I know I’m not alone. I know that most-probably all-photographers either by design or necessity, (I almost said proclivity) return to the same well over and over again. We sometimes complain-often loudly-that there isn’t anything new to photograph, and feel that the only way to exercise our shutter fingers is to aim our cameras at subjects we are certain we have covered from top to bottom. To make matters worse, we feel guilty about it. It’s a waste of time we think, and we should hang our cameras up until we get a chance to visit some exotic location where we will try to make informed and insightful images in one, all too short, visit. Oh, sometimes it works and we come away with good stuff, and we credit it to the chance to see and record something new. But, I know from experience, that the results are often a poor rehash; with so little time we fall into the trap of imitating, unintentionally of course, images we have seen of this place before because we haven’t the time to do anything else.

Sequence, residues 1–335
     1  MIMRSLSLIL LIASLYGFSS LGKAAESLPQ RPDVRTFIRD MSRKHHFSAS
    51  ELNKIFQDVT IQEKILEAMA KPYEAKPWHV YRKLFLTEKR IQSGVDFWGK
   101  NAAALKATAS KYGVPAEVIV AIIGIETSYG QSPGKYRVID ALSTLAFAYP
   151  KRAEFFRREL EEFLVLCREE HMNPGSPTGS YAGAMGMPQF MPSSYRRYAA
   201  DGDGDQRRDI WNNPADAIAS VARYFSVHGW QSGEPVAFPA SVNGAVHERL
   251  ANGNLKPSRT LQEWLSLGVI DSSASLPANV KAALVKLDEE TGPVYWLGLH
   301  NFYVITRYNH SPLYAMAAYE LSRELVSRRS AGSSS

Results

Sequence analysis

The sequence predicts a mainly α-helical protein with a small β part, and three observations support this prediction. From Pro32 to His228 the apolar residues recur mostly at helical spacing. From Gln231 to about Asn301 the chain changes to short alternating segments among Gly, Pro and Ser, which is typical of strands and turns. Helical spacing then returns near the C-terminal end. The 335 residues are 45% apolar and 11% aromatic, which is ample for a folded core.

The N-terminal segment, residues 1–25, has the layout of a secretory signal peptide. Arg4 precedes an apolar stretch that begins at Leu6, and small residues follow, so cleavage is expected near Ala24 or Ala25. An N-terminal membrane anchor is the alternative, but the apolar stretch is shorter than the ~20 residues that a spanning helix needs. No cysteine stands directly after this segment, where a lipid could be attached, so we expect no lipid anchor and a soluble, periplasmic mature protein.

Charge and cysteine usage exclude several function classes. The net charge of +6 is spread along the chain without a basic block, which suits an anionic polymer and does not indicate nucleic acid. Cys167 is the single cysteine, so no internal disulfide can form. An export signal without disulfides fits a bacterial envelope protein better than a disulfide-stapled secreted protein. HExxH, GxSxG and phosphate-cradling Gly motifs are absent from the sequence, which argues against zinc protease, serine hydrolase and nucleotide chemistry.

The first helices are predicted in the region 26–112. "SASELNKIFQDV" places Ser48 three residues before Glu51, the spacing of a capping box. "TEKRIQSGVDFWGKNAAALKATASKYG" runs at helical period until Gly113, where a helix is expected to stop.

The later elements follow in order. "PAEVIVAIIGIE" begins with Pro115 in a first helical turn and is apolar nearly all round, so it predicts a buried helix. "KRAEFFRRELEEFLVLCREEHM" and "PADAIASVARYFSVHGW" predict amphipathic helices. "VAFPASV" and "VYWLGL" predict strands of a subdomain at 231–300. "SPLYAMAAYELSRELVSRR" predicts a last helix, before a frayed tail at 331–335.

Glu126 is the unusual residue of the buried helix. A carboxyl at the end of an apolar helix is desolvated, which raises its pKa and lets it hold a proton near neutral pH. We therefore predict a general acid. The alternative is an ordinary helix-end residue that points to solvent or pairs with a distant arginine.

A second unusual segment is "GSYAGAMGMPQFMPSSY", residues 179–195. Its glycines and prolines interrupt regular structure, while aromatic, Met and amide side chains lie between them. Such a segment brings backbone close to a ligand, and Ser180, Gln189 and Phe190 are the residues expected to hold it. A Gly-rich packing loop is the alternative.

How much better then to have the luxury of seeing, and photographing, a place or thing over time? To see it in all varieties of light, to experiment with composition, to record it in black and white as well as color, to get to know it in a manner that can only be done over time.
I get antsy sometimes, and long to go shoot someplace new, but I remember Edward Weston’s famous image, Pepper (# 30). The logical implication is that there were 29 images made before it, and in fact he didn’t stop with 30, but made at least 5 more images of peppers. Peppers for god’s sake! If he could do that, surely I can look a little harder at my whole town that must have even more possibilities. Why must we think everything should be easy?
Olympus OMD EM1 with 12-40 f2.8 zoom